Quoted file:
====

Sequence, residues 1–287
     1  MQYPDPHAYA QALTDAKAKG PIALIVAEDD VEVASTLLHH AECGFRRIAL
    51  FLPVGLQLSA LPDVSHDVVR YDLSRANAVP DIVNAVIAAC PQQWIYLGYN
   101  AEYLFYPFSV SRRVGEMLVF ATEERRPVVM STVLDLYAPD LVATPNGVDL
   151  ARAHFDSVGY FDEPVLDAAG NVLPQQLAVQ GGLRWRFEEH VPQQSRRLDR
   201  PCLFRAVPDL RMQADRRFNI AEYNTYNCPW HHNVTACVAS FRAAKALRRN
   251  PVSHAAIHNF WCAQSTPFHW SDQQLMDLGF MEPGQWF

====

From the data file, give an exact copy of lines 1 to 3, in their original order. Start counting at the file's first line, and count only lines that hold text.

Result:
Sequence, residues 1–287
     1  MQYPDPHAYA QALTDAKAKG PIALIVAEDD VEVASTLLHH AECGFRRIAL
    51  FLPVGLQLSA LPDVSHDVVR YDLSRANAVP DIVNAVIAAC PQQWIYLGYN